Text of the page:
Childhood Brain and Spinal Cord Tumors Treatment Overview (PDQ®): Treatment - Patient Information [NCI] - General Information About Staging Childhood Brain and Spinal Cord Tumors
There are three ways that cancer spreads in the body.
The three ways that cancer spreads in the body are:
- Through tissue. Cancer invades the surrounding normal tissue.
- Through the lymph system. Cancer invades the lymph system and travels through the lymph vessels to other places in the body.
- Through the blood. Cancer invades the veins and capillaries and travels through the blood to other places in the body.
When cancer cells break away from the primary (original) tumor and travel through the lymph or blood to other places in the body, another (secondary) tumor may form. This process is called metastasis. The secondary (metastatic) tumor is the same type of cancer as the primary tumor. For example, if breast cancer spreads to the bones, the cancer cells in the bones are actually breast cancer cells. The disease is metastatic breast cancer, not bone cancer.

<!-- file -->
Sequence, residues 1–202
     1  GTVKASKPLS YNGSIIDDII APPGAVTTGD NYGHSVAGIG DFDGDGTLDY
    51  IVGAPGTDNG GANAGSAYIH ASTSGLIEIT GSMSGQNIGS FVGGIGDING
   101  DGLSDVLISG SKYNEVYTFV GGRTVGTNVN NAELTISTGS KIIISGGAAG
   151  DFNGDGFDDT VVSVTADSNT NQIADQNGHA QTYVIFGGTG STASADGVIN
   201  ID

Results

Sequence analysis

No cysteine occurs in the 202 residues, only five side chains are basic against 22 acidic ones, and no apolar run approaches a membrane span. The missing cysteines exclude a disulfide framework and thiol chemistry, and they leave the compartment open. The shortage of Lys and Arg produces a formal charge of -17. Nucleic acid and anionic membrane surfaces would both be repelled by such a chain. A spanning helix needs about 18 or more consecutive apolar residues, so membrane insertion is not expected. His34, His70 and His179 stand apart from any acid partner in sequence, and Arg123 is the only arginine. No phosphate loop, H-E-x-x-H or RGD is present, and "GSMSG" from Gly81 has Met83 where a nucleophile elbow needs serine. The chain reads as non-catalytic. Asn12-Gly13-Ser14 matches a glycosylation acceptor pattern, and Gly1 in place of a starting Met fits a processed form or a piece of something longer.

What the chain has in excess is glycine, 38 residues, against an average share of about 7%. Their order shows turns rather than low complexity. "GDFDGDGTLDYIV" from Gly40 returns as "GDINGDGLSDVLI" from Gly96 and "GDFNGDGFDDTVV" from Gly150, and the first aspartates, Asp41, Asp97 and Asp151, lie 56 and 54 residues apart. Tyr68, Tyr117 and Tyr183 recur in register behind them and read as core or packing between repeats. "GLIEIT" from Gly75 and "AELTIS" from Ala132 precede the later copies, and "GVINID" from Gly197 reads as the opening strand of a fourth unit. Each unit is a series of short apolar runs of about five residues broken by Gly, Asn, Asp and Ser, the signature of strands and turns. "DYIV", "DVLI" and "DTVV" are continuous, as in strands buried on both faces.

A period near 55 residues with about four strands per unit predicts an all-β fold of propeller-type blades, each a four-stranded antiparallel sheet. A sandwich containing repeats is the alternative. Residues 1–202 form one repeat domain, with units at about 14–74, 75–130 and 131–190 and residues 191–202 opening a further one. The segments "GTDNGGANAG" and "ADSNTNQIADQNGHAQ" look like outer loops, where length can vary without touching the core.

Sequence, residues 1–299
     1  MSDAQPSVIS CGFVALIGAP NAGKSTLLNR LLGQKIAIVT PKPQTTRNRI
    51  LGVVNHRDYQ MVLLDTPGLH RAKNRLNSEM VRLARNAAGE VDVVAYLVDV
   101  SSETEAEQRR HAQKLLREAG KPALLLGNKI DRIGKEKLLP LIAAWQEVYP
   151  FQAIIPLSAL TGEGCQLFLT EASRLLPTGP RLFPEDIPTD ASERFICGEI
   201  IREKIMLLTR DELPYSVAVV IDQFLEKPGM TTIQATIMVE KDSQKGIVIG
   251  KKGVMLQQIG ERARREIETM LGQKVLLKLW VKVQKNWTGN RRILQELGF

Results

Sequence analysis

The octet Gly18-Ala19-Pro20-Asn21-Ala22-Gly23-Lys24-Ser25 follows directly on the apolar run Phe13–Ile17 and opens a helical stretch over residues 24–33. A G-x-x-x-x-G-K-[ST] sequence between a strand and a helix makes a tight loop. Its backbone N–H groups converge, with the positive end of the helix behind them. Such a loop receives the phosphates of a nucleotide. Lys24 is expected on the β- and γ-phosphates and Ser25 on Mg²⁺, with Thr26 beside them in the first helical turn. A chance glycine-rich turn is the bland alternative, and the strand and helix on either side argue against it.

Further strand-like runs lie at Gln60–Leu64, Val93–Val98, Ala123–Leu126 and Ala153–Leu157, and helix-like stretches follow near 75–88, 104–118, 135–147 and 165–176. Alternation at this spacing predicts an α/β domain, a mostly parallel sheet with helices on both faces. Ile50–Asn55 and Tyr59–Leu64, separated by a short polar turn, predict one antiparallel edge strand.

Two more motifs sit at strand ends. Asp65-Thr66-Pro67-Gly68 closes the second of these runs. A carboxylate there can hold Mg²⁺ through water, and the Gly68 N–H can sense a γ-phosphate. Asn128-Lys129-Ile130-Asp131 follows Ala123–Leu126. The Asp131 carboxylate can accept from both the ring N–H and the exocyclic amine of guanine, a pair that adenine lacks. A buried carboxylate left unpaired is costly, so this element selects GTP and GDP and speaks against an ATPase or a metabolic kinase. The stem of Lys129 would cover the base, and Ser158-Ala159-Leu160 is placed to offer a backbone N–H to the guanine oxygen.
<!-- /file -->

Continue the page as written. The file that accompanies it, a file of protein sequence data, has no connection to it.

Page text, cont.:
Childhood brain and spinal cord tumors may recur (come back) after treatment.
A recurrent childhood brain or spinal cord tumor is one that has recurred (come back) after it has been treated. Childhood brain and spinal cord tumors may come back in the same place or in another part of the brain. Sometimes they come back in another part of the body. The tumor may come back many years after first being treated. Diagnostic and staging tests and procedures, including biopsy, may be done to make sure that the tumor has recurred.